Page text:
Unfortunately, the secret to this uniting remained ever elusive, described by their quotation, that it could only become possible when, “that which was hidden should become known.” To hide the fact that they really did not know what they were talking about, the followers of this art presented their writings in the most abstruse terminology, claiming that only those who were properly enlightened would be able to understand what had been written. Yet in fact their writings were nothing more than complete nonsense, recorded in such an abstract way that it was unintelligible.


              Consider the following quotation, taken from The Rosarium an ancient alchemical text, which claimed to “explain” how to create the philosopher’s stone:


              Out of man and woman make a round circle and extract a quadrangle and from the quadrangle the triangle. Make a round circle and you will have the philosopher’s stone.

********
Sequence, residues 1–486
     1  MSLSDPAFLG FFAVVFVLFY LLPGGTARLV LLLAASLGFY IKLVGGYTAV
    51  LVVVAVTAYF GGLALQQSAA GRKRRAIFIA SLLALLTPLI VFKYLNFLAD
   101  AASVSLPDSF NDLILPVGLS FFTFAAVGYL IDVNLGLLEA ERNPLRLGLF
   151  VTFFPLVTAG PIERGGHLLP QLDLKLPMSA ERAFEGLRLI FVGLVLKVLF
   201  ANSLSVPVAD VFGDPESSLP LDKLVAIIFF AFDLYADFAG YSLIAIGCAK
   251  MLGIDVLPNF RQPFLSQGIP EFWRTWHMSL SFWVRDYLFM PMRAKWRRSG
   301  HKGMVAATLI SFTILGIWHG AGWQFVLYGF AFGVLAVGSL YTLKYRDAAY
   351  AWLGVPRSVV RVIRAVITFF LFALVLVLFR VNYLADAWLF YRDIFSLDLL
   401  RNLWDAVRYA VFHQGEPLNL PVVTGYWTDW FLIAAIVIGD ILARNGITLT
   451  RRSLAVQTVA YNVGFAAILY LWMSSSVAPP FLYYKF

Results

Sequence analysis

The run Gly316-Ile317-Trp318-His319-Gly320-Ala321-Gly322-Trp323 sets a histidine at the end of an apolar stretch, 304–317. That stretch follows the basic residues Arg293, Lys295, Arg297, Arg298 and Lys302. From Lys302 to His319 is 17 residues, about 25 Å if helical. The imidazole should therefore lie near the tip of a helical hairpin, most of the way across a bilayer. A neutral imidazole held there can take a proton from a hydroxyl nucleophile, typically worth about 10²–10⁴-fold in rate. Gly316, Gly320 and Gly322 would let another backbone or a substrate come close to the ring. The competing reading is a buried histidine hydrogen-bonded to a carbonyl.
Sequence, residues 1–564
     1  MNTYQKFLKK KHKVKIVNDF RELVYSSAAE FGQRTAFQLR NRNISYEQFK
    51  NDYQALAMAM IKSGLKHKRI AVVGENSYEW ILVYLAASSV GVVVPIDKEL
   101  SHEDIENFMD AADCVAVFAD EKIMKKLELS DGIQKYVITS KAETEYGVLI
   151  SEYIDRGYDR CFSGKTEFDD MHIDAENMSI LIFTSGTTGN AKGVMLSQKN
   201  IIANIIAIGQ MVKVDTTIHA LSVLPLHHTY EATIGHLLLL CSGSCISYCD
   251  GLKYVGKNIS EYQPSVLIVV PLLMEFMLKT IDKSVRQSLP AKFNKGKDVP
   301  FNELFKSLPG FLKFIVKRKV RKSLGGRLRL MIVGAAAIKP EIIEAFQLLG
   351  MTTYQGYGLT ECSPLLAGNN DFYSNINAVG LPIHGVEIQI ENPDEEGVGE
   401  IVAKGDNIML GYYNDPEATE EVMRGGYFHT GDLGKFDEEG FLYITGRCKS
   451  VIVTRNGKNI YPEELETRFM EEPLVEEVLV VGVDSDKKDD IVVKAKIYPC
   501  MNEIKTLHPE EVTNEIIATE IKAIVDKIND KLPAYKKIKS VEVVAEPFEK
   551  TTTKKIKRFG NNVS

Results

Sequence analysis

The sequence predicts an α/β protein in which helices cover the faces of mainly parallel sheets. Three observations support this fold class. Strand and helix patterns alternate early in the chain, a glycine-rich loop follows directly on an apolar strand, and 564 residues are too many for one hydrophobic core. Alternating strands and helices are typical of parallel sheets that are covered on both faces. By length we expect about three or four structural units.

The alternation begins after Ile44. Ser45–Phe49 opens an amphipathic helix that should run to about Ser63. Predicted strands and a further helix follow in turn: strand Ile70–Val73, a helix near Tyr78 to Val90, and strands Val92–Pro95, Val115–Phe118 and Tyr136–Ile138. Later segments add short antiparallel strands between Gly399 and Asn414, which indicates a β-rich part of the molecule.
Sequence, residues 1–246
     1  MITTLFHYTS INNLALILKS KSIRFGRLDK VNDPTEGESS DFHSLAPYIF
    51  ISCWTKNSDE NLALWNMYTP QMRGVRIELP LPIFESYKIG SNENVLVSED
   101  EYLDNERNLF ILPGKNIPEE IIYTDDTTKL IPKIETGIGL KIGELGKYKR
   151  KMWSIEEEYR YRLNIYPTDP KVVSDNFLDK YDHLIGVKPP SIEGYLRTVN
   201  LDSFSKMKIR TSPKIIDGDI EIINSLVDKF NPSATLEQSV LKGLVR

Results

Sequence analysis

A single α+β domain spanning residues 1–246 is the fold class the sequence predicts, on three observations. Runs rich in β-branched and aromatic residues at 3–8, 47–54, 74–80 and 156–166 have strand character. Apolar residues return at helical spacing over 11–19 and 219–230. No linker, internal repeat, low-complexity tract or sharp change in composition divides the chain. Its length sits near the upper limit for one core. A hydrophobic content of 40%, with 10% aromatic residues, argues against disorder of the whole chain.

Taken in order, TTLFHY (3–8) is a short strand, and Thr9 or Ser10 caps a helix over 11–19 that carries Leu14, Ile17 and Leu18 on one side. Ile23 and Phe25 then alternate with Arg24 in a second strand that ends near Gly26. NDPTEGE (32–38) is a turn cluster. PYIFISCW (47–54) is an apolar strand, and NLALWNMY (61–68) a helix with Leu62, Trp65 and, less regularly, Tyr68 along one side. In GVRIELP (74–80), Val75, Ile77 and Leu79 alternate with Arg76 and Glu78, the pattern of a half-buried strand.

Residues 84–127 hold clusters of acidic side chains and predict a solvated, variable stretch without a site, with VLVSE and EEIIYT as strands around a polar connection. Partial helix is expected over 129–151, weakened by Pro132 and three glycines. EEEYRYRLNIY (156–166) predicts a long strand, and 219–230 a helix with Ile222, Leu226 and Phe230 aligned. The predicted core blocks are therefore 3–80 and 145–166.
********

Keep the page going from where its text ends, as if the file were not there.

Alchemy was not only practised by magicians and pseudo-scientists as there is evidence that Christian monks also dabbled in this pseudo-science, as is shown by this old poem:


              St Dunstan stood on his ivied tower,

              Alembic, crucible, all were there.


              In their long history only one alchemist stands out, Paracelsus, who discovered ether about 1540. Although an alchemist he was also a brilliant scientist. Rather than blindly accepting ancient ideas as factual, he introduced empirical testing, and in doing so sounded the death knell of alchemy.


              Of all the other alchemists, their efforts were a total waste of time and money. 


              They spent lives searching for something that was never there. Their theories concerning the concept of matter and the origins of life were based upon false religious and philosophical assumptions, and once science started to develop their ideas were revealed for what they were, totally unworkable, superstitious nonsense. Even a scientist as great as Isaac Newton wasted a fortune and years of his time attempting to prove alchemical theories.